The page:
Inhibition of YAP function overcomes BRAF inhibitor resistance in melanoma cancer stem cells
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Matthew L. Fisher1, Daniel Grun1, Gautam Adhikary1, Wen Xu1 and Richard L. Eckert1,2,3,4
1Department of Biochemistry and Molecular Biology, University of Maryland School of Medicine, Baltimore, Maryland, 21201, USA
2Department of Dermatology, University of Maryland School of Medicine, Baltimore, Maryland, 21201, USA
3Department of Reproductive Biology, University of Maryland School of Medicine, Baltimore, Maryland, 21201, USA
4The Marlene and Stewart Greenebaum Comprehensive Cancer Center, University of Maryland School of Medicine, Baltimore, Maryland, 21201, USA
Richard L. Eckert, email: firstname.lastname@example.org
Keywords: melanoma; YAP and TAZ; cancer stem cell; BRAF inhibitor; drug resistance
Received: September 26, 2017 Accepted: October 25, 2017 Published: November 22, 2017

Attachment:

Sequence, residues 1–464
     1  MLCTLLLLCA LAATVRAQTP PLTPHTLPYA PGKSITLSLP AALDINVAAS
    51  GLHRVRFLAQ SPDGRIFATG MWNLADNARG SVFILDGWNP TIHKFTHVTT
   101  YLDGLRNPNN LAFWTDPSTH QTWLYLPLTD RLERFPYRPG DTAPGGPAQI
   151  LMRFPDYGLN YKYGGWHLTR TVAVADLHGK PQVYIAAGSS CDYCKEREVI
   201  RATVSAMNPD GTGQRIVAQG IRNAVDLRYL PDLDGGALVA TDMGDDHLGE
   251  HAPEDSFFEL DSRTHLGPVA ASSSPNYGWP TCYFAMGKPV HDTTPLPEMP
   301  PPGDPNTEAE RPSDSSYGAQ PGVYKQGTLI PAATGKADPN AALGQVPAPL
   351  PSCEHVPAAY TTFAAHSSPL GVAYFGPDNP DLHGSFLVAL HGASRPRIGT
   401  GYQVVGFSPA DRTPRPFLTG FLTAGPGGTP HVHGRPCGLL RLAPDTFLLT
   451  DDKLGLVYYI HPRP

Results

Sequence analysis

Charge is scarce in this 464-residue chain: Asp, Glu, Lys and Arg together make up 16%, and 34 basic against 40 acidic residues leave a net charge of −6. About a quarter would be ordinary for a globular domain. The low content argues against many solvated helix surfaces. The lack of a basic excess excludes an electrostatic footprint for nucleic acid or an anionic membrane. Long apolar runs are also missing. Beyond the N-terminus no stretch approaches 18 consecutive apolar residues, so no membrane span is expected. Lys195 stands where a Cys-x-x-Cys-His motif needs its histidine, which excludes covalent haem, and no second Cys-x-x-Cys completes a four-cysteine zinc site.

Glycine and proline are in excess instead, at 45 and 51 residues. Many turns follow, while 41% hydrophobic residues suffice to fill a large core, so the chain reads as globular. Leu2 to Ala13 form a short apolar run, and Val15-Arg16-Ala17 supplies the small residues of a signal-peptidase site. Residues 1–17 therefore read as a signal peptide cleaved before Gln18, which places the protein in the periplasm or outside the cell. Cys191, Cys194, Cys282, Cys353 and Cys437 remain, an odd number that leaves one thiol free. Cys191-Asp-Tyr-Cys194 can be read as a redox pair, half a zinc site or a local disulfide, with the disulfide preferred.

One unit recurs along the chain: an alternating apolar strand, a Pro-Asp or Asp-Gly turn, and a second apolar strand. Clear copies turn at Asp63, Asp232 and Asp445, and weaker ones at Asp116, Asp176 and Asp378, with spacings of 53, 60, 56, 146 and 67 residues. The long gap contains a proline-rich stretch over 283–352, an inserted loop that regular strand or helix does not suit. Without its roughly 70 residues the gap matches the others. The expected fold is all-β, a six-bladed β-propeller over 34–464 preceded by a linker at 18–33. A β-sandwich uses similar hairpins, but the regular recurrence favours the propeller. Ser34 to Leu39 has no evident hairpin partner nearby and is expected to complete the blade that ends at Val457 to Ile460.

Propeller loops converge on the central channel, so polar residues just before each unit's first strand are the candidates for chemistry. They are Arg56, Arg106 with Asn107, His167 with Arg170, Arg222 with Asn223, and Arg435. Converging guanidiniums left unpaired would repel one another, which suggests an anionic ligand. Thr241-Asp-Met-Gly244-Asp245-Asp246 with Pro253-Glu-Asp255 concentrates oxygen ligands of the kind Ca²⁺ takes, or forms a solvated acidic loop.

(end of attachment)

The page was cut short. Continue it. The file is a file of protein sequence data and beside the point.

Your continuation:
Treating BRAF inhibitor-resistant melanoma is an important therapeutic goal. Thus, it is important to identify and target mechanisms of resistance to improve therapy. The YAP1 and TAZ proteins of the Hippo signaling pathway are important drivers of cancer cell survival, and are BRAF inhibitor resistant factors in melanoma. We examine the role of YAP1/TAZ in melanoma cancer stem cells (MCS cells). We demonstrate that YAP1, TAZ and TEAD (TEA domain transcription factor) levels are elevated in BRAF inhibitor resistant MCS cells and enhance cell survival, spheroid formation, matrigel invasion and tumor formation. Moreover, increased YAP1, TAZ and TEAD are associated with sustained ERK1/2 activity that is not suppressed by BRAF inhibitor. Xenograft studies show that treating BRAF inhibitor-resistant tumors with verteporfin, an agent that interferes with YAP1 function, reduces YAP1/TAZ level, restores BRAF inhibitor suppression of ERK1/2 signaling and reduces tumor growth. Verteporfin is highly effective as concentrations of verteporfin that do not impact tumor formation restore BRAF inhibitor suppression of tumor formation, suggesting that co-treatment with agents that inhibit YAP1 and BRAF(V600E) may be a viable therapy for cancer stem cell-derived BRAF inhibitor-resistant melanoma.
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